Andrew Salmon has produced the definitive account of the actions of 29th Brigade in the Imjin battle in April 1951. The book is superbly researched and thoroughly gripping, I literally could not put it down. The various characters who are highlighted in the book leap of the pages, especially the indominatable Derek Kinne of the Royal North Humberland Fusiliers. Salmon puts the reader in the foxholes alongside the hard pressed British soldiers as they face repeated mass human wave attacks by Chinese infantry. As somebody with a military past, and an avid interest in British military history, I can think of no other action fought by the British Army, which exceeds the actions of 29th Brigade- even Arhnem. US General Van Fleet stated that "The stand of The Glosters was the finest example of small unit action in the history of modern warfare." This book illustrates the British soldier at his very best, defiant, resilient, robust, brave and a stoicism that is an example to today's British soldiers. His sense of humour in the face of adversity also shines through. It is impossible to read this book as a Briton, particulary if you have served in the British Army, and not feel intensely proud of the men of the 29th Brigade. This book is a masterpiece, an absolute classic, it would be rude not to read it!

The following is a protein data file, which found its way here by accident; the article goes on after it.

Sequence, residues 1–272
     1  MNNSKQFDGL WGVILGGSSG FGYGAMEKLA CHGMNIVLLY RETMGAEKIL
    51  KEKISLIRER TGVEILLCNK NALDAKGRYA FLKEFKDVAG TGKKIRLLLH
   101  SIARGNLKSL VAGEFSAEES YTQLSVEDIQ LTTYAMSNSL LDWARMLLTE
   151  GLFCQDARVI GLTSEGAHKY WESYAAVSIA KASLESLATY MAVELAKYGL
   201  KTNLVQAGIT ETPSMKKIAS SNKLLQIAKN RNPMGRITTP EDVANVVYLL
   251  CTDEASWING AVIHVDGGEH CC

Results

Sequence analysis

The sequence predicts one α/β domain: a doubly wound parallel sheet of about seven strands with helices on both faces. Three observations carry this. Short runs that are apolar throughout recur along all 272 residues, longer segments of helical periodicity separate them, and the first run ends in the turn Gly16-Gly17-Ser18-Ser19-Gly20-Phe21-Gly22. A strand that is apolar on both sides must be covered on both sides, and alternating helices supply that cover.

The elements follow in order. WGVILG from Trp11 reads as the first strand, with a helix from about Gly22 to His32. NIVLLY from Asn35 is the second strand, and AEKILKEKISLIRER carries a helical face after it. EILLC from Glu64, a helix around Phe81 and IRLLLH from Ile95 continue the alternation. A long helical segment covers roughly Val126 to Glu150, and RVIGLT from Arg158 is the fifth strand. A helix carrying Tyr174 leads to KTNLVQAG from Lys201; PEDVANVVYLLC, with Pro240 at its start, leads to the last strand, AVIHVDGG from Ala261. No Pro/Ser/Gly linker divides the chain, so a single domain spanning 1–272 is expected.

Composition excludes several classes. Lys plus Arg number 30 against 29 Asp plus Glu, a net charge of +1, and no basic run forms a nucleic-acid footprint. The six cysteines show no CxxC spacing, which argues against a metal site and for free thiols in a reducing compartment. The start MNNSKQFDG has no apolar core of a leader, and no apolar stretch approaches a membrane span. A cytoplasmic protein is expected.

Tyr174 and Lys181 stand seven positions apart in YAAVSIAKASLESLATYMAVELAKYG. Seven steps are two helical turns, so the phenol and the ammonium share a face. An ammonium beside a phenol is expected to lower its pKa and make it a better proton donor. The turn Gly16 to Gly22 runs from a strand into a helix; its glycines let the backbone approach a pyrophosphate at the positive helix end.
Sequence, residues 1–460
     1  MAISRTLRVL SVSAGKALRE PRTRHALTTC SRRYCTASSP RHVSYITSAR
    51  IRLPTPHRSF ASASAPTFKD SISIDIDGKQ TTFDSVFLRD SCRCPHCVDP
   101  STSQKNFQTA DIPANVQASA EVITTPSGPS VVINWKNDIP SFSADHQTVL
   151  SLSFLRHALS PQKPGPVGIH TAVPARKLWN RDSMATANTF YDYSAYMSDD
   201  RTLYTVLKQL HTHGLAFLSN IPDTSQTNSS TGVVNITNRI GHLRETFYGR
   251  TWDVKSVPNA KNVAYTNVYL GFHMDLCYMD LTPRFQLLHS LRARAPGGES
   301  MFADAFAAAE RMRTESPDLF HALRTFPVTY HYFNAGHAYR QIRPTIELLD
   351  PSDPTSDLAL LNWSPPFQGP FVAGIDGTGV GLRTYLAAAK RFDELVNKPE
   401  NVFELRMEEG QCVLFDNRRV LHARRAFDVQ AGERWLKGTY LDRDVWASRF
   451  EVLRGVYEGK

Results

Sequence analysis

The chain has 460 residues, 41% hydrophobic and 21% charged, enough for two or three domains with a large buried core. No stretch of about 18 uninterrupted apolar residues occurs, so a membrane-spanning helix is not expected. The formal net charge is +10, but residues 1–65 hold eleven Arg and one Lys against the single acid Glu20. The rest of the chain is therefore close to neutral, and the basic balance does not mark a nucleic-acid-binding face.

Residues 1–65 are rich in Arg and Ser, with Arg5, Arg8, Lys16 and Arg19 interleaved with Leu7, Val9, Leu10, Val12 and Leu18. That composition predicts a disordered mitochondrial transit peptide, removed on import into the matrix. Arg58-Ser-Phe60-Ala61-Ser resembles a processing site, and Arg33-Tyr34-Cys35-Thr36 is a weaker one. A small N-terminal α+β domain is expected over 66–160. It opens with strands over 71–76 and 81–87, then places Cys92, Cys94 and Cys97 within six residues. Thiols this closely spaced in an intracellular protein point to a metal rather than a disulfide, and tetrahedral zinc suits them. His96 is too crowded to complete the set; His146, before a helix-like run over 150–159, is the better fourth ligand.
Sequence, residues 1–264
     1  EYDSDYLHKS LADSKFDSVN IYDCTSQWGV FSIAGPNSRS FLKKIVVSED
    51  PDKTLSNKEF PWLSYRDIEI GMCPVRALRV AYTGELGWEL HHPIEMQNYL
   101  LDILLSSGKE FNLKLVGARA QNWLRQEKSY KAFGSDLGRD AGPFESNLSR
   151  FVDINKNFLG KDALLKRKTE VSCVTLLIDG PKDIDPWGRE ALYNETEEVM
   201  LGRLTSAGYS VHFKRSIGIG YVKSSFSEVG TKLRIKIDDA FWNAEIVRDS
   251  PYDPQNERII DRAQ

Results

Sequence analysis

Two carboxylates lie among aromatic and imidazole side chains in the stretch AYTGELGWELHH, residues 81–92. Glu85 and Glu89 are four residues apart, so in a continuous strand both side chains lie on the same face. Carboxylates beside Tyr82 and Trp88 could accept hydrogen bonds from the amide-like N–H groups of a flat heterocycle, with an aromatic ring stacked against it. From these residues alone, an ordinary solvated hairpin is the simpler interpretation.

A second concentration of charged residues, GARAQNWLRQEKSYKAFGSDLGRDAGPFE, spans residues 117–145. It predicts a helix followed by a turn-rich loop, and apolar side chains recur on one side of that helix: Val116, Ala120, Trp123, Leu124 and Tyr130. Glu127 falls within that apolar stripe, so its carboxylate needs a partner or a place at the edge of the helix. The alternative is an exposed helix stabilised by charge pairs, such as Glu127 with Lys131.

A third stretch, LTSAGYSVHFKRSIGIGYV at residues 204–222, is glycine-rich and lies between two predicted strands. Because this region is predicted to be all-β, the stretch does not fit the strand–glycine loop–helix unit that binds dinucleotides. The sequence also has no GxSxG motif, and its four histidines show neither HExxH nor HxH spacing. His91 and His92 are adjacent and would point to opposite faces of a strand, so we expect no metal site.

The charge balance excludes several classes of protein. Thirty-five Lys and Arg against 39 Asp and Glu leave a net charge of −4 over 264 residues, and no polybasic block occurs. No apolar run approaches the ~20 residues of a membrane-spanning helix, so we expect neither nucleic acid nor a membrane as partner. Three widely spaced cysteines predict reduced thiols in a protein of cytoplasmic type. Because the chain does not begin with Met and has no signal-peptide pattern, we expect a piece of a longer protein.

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39 of 41 people found the following review helpful
on 15 May 2009
Andrew Salmon's book 'To The Last Round' makes gripping reading. I served in Korea during the final stages of the conflict, just prior to the cease fire but I never really appreciated the trauma of the situation but the book brought it all home to me. I think it was the matter-of-fact comments of the squaddies that make it so real. The book should be compulsory reading for all those that whinge about the cost of the armed forces
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8 of 8 people found the following review helpful
on 21 May 2010
An enthralling account of what was basically a cock up, not that that detracts in any way from the truly magnificent actions of the combatants. It tells part of the story of a totally different kind of war than that fought today and is a must read for military buffs and the layman. Well written, easy to follow and understand, its a great book. I can't wait for his book on the whole war. Read it and weep, I did.
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8 of 8 people found the following review helpful
on 16 September 2009
Like many (most?) people I know very little indeed about the Korean war and the narratives recorded in Andrew Salmon's book. Yet - it is something we should all be aware of. This book offers a comprehensive view of the events. Thanks are due to Andrew Salmon for his thorough research and his revelatory writing.